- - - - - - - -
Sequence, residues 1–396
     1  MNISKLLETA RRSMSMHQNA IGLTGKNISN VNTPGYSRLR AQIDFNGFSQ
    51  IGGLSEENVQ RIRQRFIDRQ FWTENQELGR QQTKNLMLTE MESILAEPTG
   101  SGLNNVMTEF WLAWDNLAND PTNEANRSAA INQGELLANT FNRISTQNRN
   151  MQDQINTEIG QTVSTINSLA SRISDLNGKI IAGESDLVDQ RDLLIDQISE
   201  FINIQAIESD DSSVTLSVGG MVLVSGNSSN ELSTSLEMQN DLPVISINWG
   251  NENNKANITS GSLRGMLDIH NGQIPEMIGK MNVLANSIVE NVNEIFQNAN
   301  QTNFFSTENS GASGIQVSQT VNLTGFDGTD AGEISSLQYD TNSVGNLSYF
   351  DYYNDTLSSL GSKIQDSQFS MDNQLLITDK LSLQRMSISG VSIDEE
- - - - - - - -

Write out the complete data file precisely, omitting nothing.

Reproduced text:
Sequence, residues 1–396
     1  MNISKLLETA RRSMSMHQNA IGLTGKNISN VNTPGYSRLR AQIDFNGFSQ
    51  IGGLSEENVQ RIRQRFIDRQ FWTENQELGR QQTKNLMLTE MESILAEPTG
   101  SGLNNVMTEF WLAWDNLAND PTNEANRSAA INQGELLANT FNRISTQNRN
   151  MQDQINTEIG QTVSTINSLA SRISDLNGKI IAGESDLVDQ RDLLIDQISE
   201  FINIQAIESD DSSVTLSVGG MVLVSGNSSN ELSTSLEMQN DLPVISINWG
   251  NENNKANITS GSLRGMLDIH NGQIPEMIGK MNVLANSIVE NVNEIFQNAN
   301  QTNFFSTENS GASGIQVSQT VNLTGFDGTD AGEISSLQYD TNSVGNLSYF
   351  DYYNDTLSSL GSKIQDSQFS MDNQLLITDK LSLQRMSISG VSIDEE